Might As Well Face It, You’re Addicted to Stress

“Are you under a lot of stress?” my doctor asked.

“Not really. I’m the happiest I’ve ever been my whole life.”

“I didn’t ask if you were happy,” he laughed. “I asked if you were stressed.”

That’s when I realized I had been working under a faulty definition of the word “stress” for the last decade (or two). Not only was I under a significant amount of stress – I was addicted to it.

It wasn’t long after this conversation that I found myself hospitalized and diagnosed with an auto-immune disease that boasts treatments but no cure. My husband was overseas for work, my mom was taking care of my two kids, and I had no choice but to drop balls and spinning plates left and right: my nephew’s birthday, church responsibilities, homeschooling, my job. It’s not too hard to let go of things when you’re in a small room, hooked up to wires and IVs and can’t even go to the bathroom without the help of a nurse. 

Choosing to let go of more when I got home – for my health and the sake for my family – well, that was a bit more difficult. Trading the things I loved for the things I needed and swapping a full calendar for the ability to be still and rest felt lazy and irresponsible.

How do you let go when you’re essentially the glue that’s holding it all together? How do you choose which spinning plates to drop or pass off to someone else when you’re addicted to the high of constantly being on-the-go and doing ALL THE THINGS? 

I think, as women, we’re more alike than we are different when it comes to over-commitment, people-pleasing, and placing the needs of others before our own. Here’s how I trimmed and re-prioritized and replaced until I found room to breathe: 


I said it to myself, my kids, their school, our church – ugh, it was awful…for about 3 seconds. And then it was over! Everyone (even me!) understands that I will be in a season of “yes” again someday, just not today. 


It’s one thing to commit to not taking on any new responsibilities. It’s quite another to ask yourself, “What can be cut?” and take a chainsaw to your hobbies and social calendar. For me, this meant dropping intense exercise 3-5 times per week, saying good-bye to a social media job I loved but took too much time, and taking a break from homeschooling. Letting go of these internal and external stressors gave me a good 10-15 hours of my life back each week that I could now use for things of more immediate importance.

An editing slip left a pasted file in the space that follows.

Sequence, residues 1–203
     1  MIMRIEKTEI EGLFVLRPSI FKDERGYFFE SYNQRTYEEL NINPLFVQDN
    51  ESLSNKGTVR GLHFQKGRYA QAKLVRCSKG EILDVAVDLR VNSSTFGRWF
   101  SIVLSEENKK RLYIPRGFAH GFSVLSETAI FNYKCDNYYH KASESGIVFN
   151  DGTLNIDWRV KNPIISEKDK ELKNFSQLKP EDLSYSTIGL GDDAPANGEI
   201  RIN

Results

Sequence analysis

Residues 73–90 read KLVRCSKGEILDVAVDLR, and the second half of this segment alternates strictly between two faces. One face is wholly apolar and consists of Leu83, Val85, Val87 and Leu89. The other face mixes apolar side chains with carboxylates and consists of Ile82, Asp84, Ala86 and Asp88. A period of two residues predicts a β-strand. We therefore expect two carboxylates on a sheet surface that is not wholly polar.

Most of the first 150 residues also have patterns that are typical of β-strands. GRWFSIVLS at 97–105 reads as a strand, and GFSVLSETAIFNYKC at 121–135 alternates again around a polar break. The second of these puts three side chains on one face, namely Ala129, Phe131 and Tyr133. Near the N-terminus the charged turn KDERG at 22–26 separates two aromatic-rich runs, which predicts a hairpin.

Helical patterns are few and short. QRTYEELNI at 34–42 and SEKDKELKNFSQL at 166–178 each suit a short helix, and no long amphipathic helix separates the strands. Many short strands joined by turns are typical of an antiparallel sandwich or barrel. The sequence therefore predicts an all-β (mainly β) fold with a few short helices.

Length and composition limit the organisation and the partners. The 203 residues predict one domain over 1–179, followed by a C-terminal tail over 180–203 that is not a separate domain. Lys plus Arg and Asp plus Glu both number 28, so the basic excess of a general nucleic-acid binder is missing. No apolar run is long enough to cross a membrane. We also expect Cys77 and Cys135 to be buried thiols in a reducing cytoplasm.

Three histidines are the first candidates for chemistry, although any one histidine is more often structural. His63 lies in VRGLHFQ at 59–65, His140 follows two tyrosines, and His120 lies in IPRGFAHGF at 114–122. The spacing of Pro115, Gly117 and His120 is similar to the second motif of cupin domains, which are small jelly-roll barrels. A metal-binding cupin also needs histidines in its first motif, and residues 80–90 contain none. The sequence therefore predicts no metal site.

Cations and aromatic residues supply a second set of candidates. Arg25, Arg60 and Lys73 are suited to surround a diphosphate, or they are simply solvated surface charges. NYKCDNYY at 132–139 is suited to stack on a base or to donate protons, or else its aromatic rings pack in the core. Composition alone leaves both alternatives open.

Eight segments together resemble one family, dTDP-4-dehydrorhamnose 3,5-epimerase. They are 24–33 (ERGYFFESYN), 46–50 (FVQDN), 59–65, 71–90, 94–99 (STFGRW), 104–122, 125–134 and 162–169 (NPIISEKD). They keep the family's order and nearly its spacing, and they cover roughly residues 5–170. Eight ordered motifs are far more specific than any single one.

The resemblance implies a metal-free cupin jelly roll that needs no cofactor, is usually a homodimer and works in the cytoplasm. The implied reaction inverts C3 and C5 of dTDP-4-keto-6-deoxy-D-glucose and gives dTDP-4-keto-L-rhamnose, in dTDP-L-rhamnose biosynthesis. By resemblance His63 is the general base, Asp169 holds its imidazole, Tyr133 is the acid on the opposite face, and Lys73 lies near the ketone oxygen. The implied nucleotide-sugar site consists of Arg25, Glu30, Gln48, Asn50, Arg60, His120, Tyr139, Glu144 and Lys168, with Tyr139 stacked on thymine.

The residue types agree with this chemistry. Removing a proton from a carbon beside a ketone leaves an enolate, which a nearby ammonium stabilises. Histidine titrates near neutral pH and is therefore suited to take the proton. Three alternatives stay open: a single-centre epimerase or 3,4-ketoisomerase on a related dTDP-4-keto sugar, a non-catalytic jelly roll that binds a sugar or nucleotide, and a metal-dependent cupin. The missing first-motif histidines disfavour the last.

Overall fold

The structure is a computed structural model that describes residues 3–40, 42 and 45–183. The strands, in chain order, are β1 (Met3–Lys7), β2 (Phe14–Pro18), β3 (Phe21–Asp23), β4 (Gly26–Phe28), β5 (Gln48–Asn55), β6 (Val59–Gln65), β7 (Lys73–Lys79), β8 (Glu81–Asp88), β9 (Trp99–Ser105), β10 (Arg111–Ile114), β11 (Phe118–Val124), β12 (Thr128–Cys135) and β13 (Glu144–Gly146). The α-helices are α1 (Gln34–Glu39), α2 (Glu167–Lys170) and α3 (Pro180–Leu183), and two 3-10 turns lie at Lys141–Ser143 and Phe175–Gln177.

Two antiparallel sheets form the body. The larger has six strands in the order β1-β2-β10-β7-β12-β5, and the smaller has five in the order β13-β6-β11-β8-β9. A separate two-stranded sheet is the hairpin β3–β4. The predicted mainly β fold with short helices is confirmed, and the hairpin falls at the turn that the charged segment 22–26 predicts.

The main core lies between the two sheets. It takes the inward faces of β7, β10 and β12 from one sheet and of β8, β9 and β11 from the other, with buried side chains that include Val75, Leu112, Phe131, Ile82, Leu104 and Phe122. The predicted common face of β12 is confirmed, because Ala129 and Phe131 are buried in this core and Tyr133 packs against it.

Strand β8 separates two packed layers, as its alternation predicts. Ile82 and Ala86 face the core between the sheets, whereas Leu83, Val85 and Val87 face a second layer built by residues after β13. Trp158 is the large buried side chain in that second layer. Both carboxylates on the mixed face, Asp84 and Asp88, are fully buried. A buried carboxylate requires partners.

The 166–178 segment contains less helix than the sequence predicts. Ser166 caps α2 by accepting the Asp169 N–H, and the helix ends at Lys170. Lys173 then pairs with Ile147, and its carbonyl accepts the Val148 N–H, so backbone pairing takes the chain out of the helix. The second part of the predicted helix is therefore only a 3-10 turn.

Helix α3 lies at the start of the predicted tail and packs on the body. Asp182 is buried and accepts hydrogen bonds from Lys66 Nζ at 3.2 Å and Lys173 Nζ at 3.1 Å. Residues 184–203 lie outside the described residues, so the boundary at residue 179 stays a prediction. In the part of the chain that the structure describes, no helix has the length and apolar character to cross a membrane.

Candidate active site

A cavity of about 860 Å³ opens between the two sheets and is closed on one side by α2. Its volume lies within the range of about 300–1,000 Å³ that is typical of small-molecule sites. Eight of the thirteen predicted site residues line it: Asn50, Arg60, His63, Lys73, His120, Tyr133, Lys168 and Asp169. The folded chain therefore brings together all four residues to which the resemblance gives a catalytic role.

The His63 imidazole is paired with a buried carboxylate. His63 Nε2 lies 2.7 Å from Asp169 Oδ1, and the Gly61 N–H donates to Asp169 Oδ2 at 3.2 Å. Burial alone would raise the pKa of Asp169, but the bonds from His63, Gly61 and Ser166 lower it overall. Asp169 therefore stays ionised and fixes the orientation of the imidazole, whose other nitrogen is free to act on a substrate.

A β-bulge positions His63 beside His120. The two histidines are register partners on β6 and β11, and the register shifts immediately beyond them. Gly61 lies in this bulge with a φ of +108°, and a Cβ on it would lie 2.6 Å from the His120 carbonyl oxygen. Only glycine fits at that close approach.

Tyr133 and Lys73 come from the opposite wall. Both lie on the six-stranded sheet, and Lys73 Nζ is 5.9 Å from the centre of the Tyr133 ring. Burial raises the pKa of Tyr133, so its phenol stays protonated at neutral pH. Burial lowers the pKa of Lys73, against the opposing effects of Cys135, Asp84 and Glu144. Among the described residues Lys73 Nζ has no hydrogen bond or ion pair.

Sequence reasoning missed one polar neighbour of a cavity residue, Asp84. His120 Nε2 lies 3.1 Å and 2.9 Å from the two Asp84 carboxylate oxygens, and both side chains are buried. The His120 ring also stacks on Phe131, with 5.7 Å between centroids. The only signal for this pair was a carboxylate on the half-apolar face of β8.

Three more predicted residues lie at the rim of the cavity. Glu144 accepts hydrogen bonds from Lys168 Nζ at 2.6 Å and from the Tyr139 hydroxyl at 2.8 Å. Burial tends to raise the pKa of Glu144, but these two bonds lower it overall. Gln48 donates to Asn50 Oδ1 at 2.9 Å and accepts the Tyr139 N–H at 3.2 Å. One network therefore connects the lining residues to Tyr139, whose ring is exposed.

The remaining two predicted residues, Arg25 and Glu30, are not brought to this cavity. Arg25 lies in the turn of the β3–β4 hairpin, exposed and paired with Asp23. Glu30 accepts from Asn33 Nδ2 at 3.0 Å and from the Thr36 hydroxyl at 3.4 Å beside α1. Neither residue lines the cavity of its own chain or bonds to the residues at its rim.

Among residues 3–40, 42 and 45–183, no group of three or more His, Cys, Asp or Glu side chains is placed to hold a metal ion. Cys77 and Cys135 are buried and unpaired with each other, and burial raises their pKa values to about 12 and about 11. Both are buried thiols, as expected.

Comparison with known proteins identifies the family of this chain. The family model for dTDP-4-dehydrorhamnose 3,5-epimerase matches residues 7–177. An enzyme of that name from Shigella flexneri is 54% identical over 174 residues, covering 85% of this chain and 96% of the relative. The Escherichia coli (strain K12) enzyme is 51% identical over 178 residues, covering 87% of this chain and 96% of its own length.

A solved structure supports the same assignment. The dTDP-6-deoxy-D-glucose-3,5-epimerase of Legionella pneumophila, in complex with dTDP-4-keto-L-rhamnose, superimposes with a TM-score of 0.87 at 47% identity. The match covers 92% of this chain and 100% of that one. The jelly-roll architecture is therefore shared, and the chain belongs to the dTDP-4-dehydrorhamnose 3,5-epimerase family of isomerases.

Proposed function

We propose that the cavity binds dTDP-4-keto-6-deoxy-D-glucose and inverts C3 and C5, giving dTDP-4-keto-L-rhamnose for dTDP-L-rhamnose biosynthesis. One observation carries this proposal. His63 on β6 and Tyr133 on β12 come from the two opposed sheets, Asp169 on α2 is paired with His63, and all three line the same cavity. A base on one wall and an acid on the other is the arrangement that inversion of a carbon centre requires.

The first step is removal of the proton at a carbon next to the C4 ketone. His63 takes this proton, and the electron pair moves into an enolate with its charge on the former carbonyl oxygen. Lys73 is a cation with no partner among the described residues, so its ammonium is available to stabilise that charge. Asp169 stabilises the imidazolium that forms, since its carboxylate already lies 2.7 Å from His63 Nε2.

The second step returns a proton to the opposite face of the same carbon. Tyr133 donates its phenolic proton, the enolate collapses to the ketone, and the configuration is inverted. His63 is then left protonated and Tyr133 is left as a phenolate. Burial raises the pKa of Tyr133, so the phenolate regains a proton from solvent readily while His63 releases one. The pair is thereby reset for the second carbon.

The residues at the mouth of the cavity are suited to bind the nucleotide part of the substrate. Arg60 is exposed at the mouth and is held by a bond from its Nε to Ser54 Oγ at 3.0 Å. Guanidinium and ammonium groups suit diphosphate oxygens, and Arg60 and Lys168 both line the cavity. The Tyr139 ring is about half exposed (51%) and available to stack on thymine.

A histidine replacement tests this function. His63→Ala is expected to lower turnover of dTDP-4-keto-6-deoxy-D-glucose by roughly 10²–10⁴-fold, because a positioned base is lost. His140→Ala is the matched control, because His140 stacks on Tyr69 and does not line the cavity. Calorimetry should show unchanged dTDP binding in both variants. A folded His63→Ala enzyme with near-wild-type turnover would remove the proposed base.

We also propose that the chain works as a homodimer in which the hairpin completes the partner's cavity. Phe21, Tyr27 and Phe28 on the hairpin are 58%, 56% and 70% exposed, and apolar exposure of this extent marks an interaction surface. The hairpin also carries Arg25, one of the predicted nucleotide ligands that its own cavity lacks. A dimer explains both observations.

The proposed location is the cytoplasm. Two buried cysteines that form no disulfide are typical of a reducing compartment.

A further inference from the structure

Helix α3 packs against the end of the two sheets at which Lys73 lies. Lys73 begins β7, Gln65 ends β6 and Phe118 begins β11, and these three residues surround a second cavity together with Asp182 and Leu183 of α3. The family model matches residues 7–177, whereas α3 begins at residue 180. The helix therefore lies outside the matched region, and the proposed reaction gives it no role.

Sometimes you can’t say no or wiggle out of a commitment. Some stressors are entirely out of your control, and you have to work around them. My husband travels frequently, and while that’s not stressful in and of itself, solo parenting for long stretches of time with a chronic illness as a work-at-home, homeschooling mom definitely can be. Deliberately choosing and pursuing peace has been a game-changer. Carefully selecting a diet that supports my disease may mean more time planning and prepping (and more saying “no” to myself!) but allows me to function at a more optimal level with fewer symptoms. Starting my morning with 20 minutes of yoga on YouTube calms me down and sets the tone for a more peaceful day. I have a full queue of funny, encouraging and uplifting podcasts ready and waiting to give me a boost when I start to feel down. Life is stressful – we can’t control that. What we can control is how we handle it.


Humbling myself and admitting I couldn’t physically make it to the grocery store – let alone cook dinner – was hard. If someone offers to bring you dinner or clean your house, allow them to love you in that way. They probably see your stress and are eager to do something meaningful for you to show they care. When friends asked to do my grocery shopping or watch my kids after a chemo treatment, my first instinct was to decline – but I needed help more than I needed to appear like a magical martyr/unicorn holding it all together. The more I said “yes” the easier it got – and the more connected we felt to our friends and family. My children saw what it meant to have a community surround them during a crisis, and I saw that the world didn’t come to an end when I let them. Now we’re constantly on the lookout for ways to help others – and for ways to let them help us when we need it.

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One Response to Might As Well Face It, You’re Addicted to Stress

  1. Deb @ DebTakesHerLifeBack July 16, 2017 at 3:05 pm #

    I think the hardest part for me is saying yes to help! I agree that women tend to place the needs of others before their own. In that same spirit, I haaate feeling as if I’m inconveniencing others, even if they proactively offered to help. But when we’re realistic and humble, we have to accept that we can’t do all the things, all the time, without losing our sanity, health, family, etc. You’ve given your children a priceless example by accepting that help! Thank you so much for sharing!

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